(Incidentally, 'Joe Hockey' could not be a better name for a hustler at a shady casino in a James Hadley Chase novel. But I happily admit that's just gratuitously nasty.)
As truisms go, Hockey's assertion is practically an axiom, or even a platitude. I don't know, I'm just throwing words around meaninglessly, as you do in a casino while you're waiting for the spinning to stop. Plenty of spinning goes on in Canberra. It's a money pit. Want a million dollar house? Get a better job.
Truism. Of course anyone can buy a house. All you need is a deposit and enough income to service the payments. Guess what? The commentators agreed with Uncle Joe.
But they're asking the wrong question, or shooting the wrong fish, or looking into the wrong barrel. Or something. I don't know.
Peter van Onselen in today's Australian (subscription required) crunched some figures. By averaging the salaries (circa $65,000) of three classes of public servants, van Onselen arrived at the conclusion that a pair of these earners could borrow in excess of $800,000. Case proven.
None of this figuring takes account of risk. Risk is everything. But wait, we're in a casino. Risk is an exciting part of the game; not a threat to your financial security. That last sentence is savage irony because even though it looks right, the truth is completely and utterly the reverse. Risk has to be minimised or at least covered first. Financial crashes have always started with the fatal flaw that you buy at the highest price you can afford. But prudence demands that you ask yourself if you could afford the loan if you no longer had the house. That is: if the bubble bursts; and you have to sell a million dollar house for $500,000; and you still have an $800,000 loan. There is no jingle mail in Australia. You have to pay off the loan even if you lose the house.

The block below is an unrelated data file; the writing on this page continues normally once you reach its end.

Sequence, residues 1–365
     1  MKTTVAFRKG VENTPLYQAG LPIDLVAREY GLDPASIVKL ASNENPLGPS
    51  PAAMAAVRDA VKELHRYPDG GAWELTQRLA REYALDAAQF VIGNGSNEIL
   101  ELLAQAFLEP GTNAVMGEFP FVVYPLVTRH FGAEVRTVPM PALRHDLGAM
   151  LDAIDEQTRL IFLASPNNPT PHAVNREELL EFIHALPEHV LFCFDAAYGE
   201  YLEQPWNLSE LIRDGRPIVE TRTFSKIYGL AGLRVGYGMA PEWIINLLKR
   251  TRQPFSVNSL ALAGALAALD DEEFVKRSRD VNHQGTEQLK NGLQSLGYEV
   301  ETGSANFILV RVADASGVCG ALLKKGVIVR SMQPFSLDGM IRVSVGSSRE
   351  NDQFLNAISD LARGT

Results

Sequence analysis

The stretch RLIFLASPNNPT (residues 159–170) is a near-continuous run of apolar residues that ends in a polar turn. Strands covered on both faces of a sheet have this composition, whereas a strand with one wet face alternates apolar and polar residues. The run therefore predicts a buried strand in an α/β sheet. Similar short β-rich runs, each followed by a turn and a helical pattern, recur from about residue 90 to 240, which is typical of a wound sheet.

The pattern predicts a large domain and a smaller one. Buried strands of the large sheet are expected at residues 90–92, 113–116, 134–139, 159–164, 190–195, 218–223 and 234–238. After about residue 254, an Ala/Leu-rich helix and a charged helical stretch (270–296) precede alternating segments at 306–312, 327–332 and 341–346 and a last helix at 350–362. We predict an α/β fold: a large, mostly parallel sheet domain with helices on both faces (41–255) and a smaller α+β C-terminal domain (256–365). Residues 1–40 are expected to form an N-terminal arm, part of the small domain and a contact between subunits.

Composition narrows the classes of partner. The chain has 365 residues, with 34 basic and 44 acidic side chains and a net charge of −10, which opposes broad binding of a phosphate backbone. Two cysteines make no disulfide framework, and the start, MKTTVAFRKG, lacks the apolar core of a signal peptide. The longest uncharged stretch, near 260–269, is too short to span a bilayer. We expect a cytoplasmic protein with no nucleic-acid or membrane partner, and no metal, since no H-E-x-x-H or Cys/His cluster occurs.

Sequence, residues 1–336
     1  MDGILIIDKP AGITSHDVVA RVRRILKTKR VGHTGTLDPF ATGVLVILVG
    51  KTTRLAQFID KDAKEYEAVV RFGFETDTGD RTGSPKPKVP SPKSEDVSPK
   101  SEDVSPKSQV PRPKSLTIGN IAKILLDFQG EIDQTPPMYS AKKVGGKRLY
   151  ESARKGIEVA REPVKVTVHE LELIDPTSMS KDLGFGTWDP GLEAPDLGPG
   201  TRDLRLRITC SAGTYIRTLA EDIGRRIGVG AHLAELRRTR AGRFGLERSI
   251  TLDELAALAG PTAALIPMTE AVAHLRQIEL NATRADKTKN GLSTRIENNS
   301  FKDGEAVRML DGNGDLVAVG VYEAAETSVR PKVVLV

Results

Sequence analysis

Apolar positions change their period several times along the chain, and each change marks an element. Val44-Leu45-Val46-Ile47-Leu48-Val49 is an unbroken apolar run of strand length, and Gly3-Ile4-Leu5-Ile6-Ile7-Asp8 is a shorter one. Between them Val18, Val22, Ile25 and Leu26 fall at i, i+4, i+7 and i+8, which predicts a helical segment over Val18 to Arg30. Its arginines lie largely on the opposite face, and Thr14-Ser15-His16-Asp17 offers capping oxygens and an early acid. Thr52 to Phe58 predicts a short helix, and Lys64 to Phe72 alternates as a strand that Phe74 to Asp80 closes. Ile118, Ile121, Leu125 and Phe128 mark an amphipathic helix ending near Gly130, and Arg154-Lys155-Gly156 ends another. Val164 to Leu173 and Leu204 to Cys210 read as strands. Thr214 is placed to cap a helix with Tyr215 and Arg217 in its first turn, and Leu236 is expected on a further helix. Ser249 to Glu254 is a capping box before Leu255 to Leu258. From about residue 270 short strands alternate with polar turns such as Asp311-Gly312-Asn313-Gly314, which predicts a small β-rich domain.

Van Onselen concludes:
"Hockey's comments were fair, reasonable and factually accurate."'Fair' is in the eye of the beholder, we've already dealt with 'factually accurate'; and that leaves 'reasonable'.
Was it 'reasonable' for a federal treasurer to reprimand the electorate for worrying about astronomical house prices? Hockey's comments might have read like a statement, but to the electorate it came across as a cantankerous rebuke.
So no: it was not reasonable. It is not reasonable for a federal treasurer - or a croupier - to cantankerously rebuke his customers. A prudent treasurer would at least be more guarded in discussing any potential bubble which might affect millions of constituents.
Meanwhile, The Australian's Stefanie Balogh reported in a break-out story alongside van Onselen's column the comments of a losing bidder, who fell short of the $2.33 million sale price at a weekend Balaclava auction:
"Mr White said: 'I did hear (Tony Abbott's) comment earlier in the week that he owns a house and he's happy prices are going up ... and I thought it showed a complete disregard for people entering the market.' "More gratuitous nastiness: if Joe Hockey is a good name for a crooked croupier, Tony Abbott is a great name for the fictional casino boss you find in the secret back office behind the red velvet curtains. If you can get past the bodyguard. Aah, Tony, there's a guy here wants to see you. Everybody wantsta see Tony ...
These people have the political nous of a housefly. Or a Clifton brick. One of the two. And the alternative is an ex-unionist being investigated by a corruption inquiry. Since when did politicians come from that background?
Sometimes you just need a little perspective: at the Balaclava auction mentioned above, the gap between the reserve and the selling price was double the amount I paid for a Melbourne house in 2005. It went for two houses more (at 2005 values) than the buyer expected.
If that's not starting to look like a bubble, I'm James Bond. Or Phillip Marlowe. Or both.